Aquaponics project hopes to bring fresh, locally produced fish to Cincinnati

Local, organic fish are difficult to come by in Cincinnati, and experts do not recommend consuming fish caught from the Ohio River very often. A company called Self-Sustaining Enterprises (SSE) is looking to fill that void with an innovative practice that will bring locally grown, organic fish to the Cincinnati region.

Based in Mason, Ohio, SSE started an aquaponic tank in Jos, Nigeria and is now bringing the prototype to Cincinnati. The aquaponics system works by combining fish farming techniques with hydroponics to create a faux river ecosystem.

Fish fingerlings (perch, catfish, and tilapia in this case) are then grown in the tank. The waste from the fish – ammonia and nitrates -provides food for the plants that are on the surface of the tank where they purify the water by soaking up the nitrates and ammonia.

“Aquaponics is perfect for an urban community,” said Self-Sustaining Enterprises CEO Chuck Proudfit. “We can raise fresh fish and vegetables in a high-density fashion, harvest and deliver them the same day.”

Proudfit says that the goal of the project is to provide fresh fish and produce to local restaurants, food co-ops, and other sources. The locally sourced fish would then leave a smaller carbon footprint behind than fish shipped in from other parts of the world. Another benefit of the system, experts say, is the elimination of the risk of harmful runoff common amongst fish farms.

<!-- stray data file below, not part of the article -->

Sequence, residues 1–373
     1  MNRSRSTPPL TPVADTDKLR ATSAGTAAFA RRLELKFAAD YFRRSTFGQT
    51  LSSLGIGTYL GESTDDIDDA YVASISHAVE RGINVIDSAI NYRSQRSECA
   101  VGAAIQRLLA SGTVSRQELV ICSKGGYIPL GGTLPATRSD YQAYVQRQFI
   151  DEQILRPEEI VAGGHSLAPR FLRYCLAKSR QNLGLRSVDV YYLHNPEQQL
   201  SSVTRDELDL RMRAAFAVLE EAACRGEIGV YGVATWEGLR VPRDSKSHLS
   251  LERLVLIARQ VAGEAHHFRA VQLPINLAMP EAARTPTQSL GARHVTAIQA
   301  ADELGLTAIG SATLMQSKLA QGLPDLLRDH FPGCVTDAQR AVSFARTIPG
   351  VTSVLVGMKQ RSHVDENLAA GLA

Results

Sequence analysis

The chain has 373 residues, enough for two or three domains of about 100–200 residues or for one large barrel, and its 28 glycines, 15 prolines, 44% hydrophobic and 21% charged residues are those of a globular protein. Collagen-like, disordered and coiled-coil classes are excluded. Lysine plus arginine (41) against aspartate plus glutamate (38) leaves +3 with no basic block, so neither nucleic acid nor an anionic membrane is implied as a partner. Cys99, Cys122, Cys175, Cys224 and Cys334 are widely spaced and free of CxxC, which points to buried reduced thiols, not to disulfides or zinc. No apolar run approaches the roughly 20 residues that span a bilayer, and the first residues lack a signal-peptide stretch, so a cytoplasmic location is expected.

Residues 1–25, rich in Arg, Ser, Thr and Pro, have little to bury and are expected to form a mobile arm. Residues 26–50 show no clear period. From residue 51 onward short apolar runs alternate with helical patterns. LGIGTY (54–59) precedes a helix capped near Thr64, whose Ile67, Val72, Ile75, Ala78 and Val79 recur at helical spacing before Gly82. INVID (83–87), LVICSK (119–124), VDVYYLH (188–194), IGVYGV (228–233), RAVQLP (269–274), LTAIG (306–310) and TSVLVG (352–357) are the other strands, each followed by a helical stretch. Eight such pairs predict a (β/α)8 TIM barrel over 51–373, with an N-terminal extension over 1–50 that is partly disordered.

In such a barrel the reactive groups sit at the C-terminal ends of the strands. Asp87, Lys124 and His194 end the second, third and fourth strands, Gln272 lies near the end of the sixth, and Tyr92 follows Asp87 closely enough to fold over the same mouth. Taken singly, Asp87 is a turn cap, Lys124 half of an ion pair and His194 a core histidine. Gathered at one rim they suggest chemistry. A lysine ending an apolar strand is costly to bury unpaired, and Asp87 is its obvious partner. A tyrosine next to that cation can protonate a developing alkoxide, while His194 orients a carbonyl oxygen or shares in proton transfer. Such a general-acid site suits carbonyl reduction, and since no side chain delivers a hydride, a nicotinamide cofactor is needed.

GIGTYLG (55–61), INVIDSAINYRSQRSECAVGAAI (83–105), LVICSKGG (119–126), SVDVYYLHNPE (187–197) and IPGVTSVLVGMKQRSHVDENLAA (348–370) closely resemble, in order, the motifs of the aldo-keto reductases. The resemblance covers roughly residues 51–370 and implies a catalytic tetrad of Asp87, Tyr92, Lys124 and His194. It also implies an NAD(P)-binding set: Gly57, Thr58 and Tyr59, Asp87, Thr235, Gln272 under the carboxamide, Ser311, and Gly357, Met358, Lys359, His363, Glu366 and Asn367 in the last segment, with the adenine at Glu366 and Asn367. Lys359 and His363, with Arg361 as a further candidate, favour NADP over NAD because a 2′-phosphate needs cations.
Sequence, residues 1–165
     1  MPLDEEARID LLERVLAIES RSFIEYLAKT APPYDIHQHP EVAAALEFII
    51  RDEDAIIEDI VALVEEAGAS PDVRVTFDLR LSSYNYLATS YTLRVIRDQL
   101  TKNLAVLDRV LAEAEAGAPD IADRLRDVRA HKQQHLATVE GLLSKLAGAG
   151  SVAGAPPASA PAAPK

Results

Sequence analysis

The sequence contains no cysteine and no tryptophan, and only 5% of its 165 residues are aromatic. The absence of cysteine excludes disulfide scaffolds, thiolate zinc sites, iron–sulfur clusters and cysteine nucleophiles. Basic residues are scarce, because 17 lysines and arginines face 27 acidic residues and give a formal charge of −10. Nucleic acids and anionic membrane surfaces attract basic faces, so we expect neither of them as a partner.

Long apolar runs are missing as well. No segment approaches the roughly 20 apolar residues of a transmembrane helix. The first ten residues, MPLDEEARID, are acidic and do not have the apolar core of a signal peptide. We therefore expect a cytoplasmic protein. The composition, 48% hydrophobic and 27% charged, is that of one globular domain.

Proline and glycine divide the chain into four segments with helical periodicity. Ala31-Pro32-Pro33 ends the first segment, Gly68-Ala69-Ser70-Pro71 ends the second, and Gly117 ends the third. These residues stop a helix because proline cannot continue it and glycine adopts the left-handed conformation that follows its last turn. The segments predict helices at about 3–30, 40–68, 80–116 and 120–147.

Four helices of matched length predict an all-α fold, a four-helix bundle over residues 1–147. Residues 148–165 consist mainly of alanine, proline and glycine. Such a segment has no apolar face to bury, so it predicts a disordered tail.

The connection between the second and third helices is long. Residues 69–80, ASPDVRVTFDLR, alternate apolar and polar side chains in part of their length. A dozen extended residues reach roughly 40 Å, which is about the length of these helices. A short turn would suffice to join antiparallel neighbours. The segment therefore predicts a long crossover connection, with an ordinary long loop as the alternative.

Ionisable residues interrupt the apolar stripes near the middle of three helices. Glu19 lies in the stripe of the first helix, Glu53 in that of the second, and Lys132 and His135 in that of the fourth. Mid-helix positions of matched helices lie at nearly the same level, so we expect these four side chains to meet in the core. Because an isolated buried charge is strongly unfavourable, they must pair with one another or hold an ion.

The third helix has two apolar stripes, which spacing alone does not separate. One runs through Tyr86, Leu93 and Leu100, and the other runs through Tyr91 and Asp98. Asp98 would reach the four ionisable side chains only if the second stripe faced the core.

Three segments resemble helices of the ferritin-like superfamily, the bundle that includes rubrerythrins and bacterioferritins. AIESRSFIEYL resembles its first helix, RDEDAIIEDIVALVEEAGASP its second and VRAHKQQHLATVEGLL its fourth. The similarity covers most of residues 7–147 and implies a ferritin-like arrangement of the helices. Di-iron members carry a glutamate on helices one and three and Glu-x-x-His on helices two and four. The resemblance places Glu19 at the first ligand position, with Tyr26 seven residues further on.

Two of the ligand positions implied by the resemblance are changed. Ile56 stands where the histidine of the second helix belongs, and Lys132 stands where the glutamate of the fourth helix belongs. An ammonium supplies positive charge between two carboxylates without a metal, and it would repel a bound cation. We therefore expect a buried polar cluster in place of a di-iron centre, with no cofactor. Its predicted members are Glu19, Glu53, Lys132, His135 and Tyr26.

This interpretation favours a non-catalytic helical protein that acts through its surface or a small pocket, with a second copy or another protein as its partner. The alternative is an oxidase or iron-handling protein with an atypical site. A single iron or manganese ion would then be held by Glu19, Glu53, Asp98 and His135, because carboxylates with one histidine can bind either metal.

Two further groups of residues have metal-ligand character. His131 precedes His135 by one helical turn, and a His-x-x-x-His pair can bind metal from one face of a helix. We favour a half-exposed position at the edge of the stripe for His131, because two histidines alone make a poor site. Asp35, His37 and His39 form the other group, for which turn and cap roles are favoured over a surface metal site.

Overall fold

“With an aquaponic tank the problem [of harmful runoff] is eliminated due to merging aquaculture and hydroponics into a closed-loop system,” explained Pete West, an engineer with Procter & Gamble who donated funds to the endeavor. As West explains, water then only has to be replaced due to evaporation or the removal of solid waste at the bottom of the tank.

Aquaponics is not a complete slam dunk however. Unlike a natural habitat for a fish there is a risk of overcrowding since the fish have only a few hundred feet to swim. This overcrowding makes it necessary for the nitrate, ammonia and pH levels to be checked daily. The more fish that are added to the confined habitat increases the likelihood of high nitrate and ammonia levels – which could cause illness among people consuming the fish.

SSE’s 700-gallon aquaponics project in Cincinnati is operational now, and has the ability to produce 1,000 pounds of fish and fresh produce. Company leaders say that both the fish and produce are growing well and should be available within six to twelve months.

This story was researched and written by UrbanCincy contributor Hailey Mahan. If you are interested in becomming an UrbanCincy contributor please email your resume and field of interest to UrbanCincy@gmail.com.